Also, you write: “…this appropriation and distancing is a dynamic that colors the way that the history of Western Buddhism has tended to be presented.” The talk you link to by Duncan Ryuken Williams is a lovely and moving address towards history as a discipline and for practitioners it underscores the value of history towards an appreciation of Buddhism taking hold, an opening for our gratitude, a great big yes to the ancestors. No sticking. Thank you also to the Soto Zen Buddhist Association for inviting him, and for making this talk available.

    With palms together, Catherine Seigen Spaeth

  5. In this conversation there is another lineage dynamic which needs attention:
    What happens to Americans who are not Christian?
    What is America, if not Christian?
    If one is American, as I am, and do not identify with the Mosaic and Monotheist traditions/lineages, as I do not, and one is drawn into Dharma practice, what living lineage might one become a part of?

    As I perhaps approach Jukai in the Soto Zen / SFZC / Empty Hand Zen Center lineage, I reflect on these things. I am most wary of exoticism, having seen many gateways along my path whose allure seemed partly to be the avoidance of liberating my many linages’ ancient, twisted kharma, sprouting from beginningless greed hate and delusion. It seemed to me that certain gateways were perhaps simultaneously more attractive and less profound because I knew nothing of their ancient twisted kharma,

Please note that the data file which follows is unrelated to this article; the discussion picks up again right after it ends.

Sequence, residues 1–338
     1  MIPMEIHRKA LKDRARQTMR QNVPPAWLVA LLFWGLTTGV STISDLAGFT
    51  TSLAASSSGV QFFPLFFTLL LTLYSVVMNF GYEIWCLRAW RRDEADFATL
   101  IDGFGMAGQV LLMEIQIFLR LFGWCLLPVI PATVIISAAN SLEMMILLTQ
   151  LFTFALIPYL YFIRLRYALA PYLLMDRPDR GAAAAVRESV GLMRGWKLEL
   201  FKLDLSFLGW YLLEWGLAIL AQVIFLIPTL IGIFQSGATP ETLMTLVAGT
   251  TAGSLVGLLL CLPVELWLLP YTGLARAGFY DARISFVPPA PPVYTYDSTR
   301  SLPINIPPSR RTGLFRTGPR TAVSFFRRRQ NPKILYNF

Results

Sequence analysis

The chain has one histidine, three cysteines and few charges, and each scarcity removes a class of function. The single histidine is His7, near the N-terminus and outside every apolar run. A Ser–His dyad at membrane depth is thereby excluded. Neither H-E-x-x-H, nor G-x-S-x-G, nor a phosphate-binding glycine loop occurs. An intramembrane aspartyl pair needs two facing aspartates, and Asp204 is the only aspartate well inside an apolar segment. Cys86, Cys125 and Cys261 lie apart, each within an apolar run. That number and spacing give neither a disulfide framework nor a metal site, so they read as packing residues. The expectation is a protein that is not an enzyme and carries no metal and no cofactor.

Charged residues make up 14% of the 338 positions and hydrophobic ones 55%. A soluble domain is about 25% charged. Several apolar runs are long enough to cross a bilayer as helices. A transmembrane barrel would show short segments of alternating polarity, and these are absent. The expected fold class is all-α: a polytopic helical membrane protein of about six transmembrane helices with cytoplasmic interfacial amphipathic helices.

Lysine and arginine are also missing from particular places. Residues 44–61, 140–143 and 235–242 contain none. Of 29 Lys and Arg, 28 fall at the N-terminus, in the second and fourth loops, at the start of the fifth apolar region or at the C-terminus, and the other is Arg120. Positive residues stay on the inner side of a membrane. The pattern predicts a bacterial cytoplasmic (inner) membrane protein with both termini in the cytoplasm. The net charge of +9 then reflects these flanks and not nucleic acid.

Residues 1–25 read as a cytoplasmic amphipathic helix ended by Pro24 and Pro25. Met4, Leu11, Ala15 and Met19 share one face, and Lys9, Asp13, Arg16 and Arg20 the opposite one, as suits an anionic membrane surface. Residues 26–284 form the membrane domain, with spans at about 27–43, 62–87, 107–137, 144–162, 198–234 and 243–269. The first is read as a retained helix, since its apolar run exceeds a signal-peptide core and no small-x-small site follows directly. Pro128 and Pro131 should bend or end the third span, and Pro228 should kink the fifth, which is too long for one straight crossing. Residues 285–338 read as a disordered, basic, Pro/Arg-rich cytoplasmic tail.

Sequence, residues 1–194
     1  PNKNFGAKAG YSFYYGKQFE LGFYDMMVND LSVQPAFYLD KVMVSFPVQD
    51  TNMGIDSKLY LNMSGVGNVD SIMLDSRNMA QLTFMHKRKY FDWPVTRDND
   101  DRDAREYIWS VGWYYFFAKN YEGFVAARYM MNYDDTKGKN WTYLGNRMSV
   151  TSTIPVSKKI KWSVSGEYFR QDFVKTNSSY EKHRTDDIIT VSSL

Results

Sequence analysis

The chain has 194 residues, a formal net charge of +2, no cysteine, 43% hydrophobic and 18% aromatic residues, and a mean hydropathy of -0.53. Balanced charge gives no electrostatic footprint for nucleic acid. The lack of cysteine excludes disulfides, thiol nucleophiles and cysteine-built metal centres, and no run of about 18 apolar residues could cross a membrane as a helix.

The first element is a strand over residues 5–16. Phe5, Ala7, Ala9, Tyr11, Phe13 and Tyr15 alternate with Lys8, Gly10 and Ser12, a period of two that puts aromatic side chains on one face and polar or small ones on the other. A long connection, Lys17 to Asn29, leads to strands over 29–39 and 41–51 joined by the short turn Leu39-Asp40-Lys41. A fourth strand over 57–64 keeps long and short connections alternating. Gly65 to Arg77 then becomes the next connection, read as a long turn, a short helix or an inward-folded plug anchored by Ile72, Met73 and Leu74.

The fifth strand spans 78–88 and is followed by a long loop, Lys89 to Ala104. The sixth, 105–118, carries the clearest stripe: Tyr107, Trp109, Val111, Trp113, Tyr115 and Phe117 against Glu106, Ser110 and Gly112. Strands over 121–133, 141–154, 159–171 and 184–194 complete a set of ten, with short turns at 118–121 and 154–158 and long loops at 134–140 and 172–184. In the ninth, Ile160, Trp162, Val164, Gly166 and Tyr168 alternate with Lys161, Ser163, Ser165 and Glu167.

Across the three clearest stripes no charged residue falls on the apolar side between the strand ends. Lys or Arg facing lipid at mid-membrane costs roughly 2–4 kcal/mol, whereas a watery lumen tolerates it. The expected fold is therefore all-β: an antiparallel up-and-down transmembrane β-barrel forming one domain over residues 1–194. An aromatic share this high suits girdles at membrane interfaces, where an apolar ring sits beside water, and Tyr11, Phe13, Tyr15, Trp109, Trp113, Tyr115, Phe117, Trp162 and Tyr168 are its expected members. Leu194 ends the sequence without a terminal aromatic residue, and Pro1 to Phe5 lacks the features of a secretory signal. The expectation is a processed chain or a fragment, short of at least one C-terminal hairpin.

My way led me to the Empty Hand Zen Center, not because it had a connection to Japan, but because when I met Susan Jion Postal in the late 80’s, something began. Decades later, I was somehow called to find her sangha. When I first heard the sutras there – the Heart Sutra, the Sandokai – I had a visceral experience I liken to drinking cool, clear spring water after a thirst I didn’t know I had. The work of her lineage spoke of experience as I had lived it, was consonant with the gestalt of all my many lineages and experiences, rang true to me.